Will the CFO “Buy” Your SMB Contact Center Budget?

Top tips for using call center analytics and reporting to make the case for your spending forecast

It’s almost that time again. For many SMBs, the annual budget is coming due.

The contact center budgeting process is never easy.. (That’s why we created The Ultimate Guide to Call Center Budgets!) But countless managers actually find that defending their budget is the more daunting challenge.

So what can you do to gain buy-in from business owners and executives, so you receive the resources required to achieve the call center’s many goals? Here are some tips.

Hone in on the hard stuff

First, it’s beneficial to focus. Almost inevitably, there are line items that won’t raise many questions. If office lease costs are the same as last year, that topic will probably merit only a cursory review.  

On the other hand, if you’re moving to a larger space, you’ll need more information about needs and projected expenses. It’s vital to organize the supporting data, such as analytics and reporting showing how many new agent stations will be necessary to absorb projected contact volume growth. You might even prepare rebuttals to potential objections, just like you would for agents’ sales scripts.

Show your work

Staffing costs are typically the biggest call center expenditure, and there’s a real art to arriving at an accurate picture. Whether you rely on spreadsheets or have invested in call center workforce management software, be ready to show how you got to your conclusions.

For example, if you’ve included 10 percent more agent hours, back it up. Maybe you saw an increase in average handle time (AHT) when an innovative but sometimes confusing product hit the market. An analysis of AHT since the product release can demonstrate why the help desk will need extra staff.

Underscore ROI and customer experience

Hopefully, you’re also recommending proactive measures for improved call center customer experience. Quantifying the return on those investments is vital in earning approval.

As a simplified example, say you want to add one extra agent shift every business day on a hotel reservation line. The cost is $120 per day (at $15 per hour), or $26,400 for the year.

That number could cause the CFO to gasp—unless you’ve analyzed call abandonment rates and are confident you can capture five more reservations per day by having enough staff during peak periods to avoid customers hanging up. If the average reservation is $200, the CFO won’t be alarmed—she’ll praise you for realizing a $1,000 return on a mere $120 outlay.

Sadly, not all call center investments are equally straightforward. Maybe your budget includes an increase in shrinkage, for instance. Decision-makers often view shrinkage as wholly negative and might push for further reductions instead.

But what if you’re purposefully building in more post-call processing time? You’ve noticed that agents aren’t effectively switching gears to the next call, and you think the stress of finalizing customer orders in too little time is undermining workforce engagement and boosting turnover.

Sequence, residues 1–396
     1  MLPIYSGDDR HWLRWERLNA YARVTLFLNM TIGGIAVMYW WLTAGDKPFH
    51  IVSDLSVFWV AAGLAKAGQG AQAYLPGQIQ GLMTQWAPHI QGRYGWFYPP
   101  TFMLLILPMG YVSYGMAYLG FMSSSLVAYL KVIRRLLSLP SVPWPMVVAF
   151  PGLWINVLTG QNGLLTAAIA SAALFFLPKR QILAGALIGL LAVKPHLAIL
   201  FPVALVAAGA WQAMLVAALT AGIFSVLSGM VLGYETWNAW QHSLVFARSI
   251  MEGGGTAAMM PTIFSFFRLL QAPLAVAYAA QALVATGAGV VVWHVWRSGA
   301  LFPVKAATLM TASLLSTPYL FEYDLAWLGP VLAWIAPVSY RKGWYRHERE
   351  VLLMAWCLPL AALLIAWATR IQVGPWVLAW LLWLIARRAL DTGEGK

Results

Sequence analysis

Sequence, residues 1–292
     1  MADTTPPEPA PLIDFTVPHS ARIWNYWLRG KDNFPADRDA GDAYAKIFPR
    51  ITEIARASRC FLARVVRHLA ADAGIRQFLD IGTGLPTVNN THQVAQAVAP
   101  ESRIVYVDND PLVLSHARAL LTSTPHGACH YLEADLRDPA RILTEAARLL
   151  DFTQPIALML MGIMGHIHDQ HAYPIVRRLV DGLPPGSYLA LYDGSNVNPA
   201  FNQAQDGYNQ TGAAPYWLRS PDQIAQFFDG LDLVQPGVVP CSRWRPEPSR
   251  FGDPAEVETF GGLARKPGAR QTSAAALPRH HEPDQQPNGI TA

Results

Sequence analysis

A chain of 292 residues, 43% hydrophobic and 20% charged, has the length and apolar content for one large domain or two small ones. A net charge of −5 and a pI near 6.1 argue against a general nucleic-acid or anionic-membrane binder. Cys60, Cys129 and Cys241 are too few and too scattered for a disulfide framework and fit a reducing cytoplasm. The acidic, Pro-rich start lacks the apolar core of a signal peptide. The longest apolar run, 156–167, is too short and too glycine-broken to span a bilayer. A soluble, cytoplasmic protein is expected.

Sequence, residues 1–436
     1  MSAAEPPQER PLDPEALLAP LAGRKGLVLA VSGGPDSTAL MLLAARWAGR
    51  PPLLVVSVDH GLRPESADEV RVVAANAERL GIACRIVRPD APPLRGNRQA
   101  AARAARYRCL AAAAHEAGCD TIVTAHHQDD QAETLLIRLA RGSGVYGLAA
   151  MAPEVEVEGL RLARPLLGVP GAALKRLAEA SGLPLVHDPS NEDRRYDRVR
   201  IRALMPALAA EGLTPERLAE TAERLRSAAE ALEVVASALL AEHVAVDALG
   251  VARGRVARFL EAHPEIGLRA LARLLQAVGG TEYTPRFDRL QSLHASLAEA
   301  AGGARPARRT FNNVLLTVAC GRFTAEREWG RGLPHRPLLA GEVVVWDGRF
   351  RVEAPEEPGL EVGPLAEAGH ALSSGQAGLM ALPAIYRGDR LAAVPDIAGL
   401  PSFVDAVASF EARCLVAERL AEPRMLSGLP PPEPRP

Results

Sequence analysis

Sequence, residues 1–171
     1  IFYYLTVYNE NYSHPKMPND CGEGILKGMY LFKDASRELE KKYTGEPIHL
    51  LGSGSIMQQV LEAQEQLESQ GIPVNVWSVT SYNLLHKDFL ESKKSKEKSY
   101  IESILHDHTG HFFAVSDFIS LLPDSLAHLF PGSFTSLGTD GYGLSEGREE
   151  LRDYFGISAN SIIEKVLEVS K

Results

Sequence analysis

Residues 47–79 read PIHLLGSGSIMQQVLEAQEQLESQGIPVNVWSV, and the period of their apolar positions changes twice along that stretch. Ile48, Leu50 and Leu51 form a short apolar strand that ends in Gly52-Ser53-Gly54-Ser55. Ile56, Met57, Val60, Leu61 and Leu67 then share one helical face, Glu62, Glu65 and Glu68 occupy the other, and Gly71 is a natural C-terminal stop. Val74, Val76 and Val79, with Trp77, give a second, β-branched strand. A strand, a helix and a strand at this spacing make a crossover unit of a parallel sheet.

Call center reporting and analytics can help substantiate your claims. Perhaps two years of shrinkage-focused cost-cutting has been accompanied by rising turnover. Tallying the increased training expense alone might help make the argument that a bit more shrinkage is a bargain by comparison.

Accept feedback and collaborate

No matter how prepared you are, it’s rare to get everything on the budget wish list, so be ready to problem-solve. Maybe you’d like to add two days to every new employee training, but the executive team says the money isn’t there. Could you propose a pilot program to demonstrate the ROI?

Even if you have to make tough decisions—and with COVID-19 increasing budget uncertainty, that’s the reality for most SMBs right now—your analyses can help target any unavoidable cost-cutting initiatives to limit impacts on customer experience and business revenues over the long haul.

Conclusion

We’ve offered a number of tips, but if you want just one thing to remember, it’s this—put yourself in the CFO’s shoes. If you were a CFO evaluating a department’s budget, you’d want to know:

  • Are the numbers accurate and based on defensible forecasting assumptions?
  • What is the ROI on new investments or avoided cost-cutting?
  • Is the budget affordable? Is there enough money, or will ROI mean certain decisions “pay for themselves”?

If you can use call center reporting and analytics to deliver compelling answers to these questions, you’ll be well-positioned to earn budget buy-in and also make a maximum contribution to the company’s bottom line.

Have more questions about call center budgeting and approval? Watch our on-demand webinar 'Navigating Your Contact Center Budget for a Thriving CX in the New Year' to get the full scoop from contact center leaders who have been through it.

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